Mancation and Hot Springs National Park Continued..

In my last post, I left off with our crew just arriving at the rental condo in Hot Springs.  We unloaded our gear, surveyed the bedroom situation and made plans for dinner.  During our years of doing these trips, we have finally gotten smart and figured out you can’t eat big meals this many times a day.  We generally share meals between two of us or sometimes four of us depending on the size of the platter.

Our evening meal took us to Stubby’s BBQ.  My friend Derrill works for Goodyear Tire and Rubber company and always buys us matching shirts for our trips.  The shirts say Mancation 2017 and always have the Goodyear logo on them.  When we roll in to a BBQ joint wearing matching shirts, heads always turn.  People always ask if we work for Goodyear Nascar racing team.   I give the same response to any query about the nature of our matching shirts.  “No, we are a professional BBQ Eating team.”  When the guys at Stubby’s asked about our shirts and I gave them my pat response, the free brisket samples started flowing back across the counter.   Let me just say, having traveled all over  Texas on our 2013 trip, this was the best Brisket we have since that time.   Outstanding performance by Stubby’s on their prime brisket.  This is no pot roast masquerading as smoked brisket.  A great rub, good smoke flavor, tender and still juicy.

One of the unique menu items we have never encountered before that seems to be a “thing” here is Arkansas is the loaded baked potato.  When I say loaded, I mean a potato the size of your head, smothered in baked beans and brisket.  Take a look at this yummy goodness.   No, I didn’t eat it all in case you were wondering.  When visiting Hot Springs, put Stubby’s on your list of places to eat.

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The following morning (Saturday) was our first and only full day in Hot Springs.  Our morning started with a modest breakfast at a local, family owned place on the main strip.  The 20170225_073742Pancake Shop is the place for you if you like good pancakes smothered in house made syrup.  Put this place on your breakfast list when visiting.

 

 

 

 

 

 

 

 

 

Our next order of business was Hot Springs National Park.  Those of you who are fellow park travelers, this place is unlike any other park you have ever visited.  Not only is it our smallest park, but it’s odd in the fact that it’s located in a downtown area.  You can see on the map below, route 7 runs north / south through the park.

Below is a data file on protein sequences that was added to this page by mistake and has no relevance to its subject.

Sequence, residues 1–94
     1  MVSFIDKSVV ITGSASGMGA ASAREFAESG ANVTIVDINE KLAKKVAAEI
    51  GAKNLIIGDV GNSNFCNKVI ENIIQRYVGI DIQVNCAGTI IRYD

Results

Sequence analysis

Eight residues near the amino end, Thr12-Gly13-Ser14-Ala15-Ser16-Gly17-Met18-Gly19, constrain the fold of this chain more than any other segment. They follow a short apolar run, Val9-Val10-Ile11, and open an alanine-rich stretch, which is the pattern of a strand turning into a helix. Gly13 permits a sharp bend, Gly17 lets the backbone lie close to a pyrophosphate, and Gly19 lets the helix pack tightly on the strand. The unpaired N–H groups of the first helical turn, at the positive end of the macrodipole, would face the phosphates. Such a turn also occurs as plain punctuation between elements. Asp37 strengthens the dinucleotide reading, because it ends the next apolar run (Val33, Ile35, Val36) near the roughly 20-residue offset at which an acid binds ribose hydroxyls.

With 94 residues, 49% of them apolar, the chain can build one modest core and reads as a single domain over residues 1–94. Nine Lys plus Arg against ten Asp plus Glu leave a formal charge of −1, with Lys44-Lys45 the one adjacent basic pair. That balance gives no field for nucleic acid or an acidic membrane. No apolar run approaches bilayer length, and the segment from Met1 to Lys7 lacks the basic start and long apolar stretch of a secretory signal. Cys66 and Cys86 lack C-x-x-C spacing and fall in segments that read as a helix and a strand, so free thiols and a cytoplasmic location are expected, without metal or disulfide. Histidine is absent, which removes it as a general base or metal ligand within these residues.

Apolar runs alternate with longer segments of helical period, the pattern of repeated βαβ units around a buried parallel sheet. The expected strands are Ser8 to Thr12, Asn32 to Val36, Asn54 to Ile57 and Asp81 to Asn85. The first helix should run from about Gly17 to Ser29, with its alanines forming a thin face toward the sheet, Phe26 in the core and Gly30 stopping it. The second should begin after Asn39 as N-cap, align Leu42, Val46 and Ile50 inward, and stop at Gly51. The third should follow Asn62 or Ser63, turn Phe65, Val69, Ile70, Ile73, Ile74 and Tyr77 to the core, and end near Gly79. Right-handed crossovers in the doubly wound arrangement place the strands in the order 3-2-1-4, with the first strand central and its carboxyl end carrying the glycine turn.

map-view

The downtown historic area known as “Bathhouse Row” is on the East side of the road.   The visitor center where you get your park stamp, pick up maps and talk to rangers is actually inside one of the old bathhouses known as The Fordyce House.  Plan on spending at least an hour going through this visitor center.   The stained glass windows, the therapy rooms, the exercise equipment were all really fascinating.

There are probably a dozen bath houses in town, it’s hard to know which one to choose.  We wanted to experience the hot, thermal pools without being in a private room where we couldn’t talk to each other.  We ended up choosing the Quapaw Baths and Spa.  It featured a $10 steam cave experience.   You take a shower, then ride the elevator down to the basement.  There you enter a literal cave back into the mountain.  Inside the cave, a thermal spring is producing steam and heat that keeps the cave at a constant 143 degrees.  You sit on wooded benches and begin to sweat within minutes.   Don’t worry though, they have water to drink and wooden bowls filled with water that you can dip out with a ladle and pour over yourself.   The experience last 20 minutes which is about all you can take.  After a second shower, you can enter the main pool area.  There are four thermal pools to choose from, ranging from 95 to 104 degrees.  This part of the experience costs $20.   I highly recommend both experiences but don’t forget your bathing suit and flip-flops.